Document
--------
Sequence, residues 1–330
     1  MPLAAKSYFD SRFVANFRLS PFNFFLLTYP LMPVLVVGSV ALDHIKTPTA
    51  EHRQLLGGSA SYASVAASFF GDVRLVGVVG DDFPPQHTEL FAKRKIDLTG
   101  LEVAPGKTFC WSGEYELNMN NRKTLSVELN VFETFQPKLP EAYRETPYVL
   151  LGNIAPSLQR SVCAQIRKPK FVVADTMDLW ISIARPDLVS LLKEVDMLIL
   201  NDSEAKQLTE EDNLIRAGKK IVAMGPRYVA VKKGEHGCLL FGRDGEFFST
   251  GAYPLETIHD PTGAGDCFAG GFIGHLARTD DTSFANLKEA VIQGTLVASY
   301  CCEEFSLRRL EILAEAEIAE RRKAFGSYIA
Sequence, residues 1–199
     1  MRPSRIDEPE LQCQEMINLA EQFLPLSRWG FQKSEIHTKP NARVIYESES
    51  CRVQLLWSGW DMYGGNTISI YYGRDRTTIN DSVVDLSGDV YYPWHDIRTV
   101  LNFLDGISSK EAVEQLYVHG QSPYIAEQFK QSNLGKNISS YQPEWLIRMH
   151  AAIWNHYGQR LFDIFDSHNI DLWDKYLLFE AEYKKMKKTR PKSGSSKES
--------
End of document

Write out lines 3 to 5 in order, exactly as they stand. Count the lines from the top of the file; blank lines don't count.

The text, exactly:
    51  EHRQLLGGSA SYASVAASFF GDVRLVGVVG DDFPPQHTEL FAKRKIDLTG
   101  LEVAPGKTFC WSGEYELNMN NRKTLSVELN VFETFQPKLP EAYRETPYVL
   151  LGNIAPSLQR SVCAQIRKPK FVVADTMDLW ISIARPDLVS LLKEVDMLIL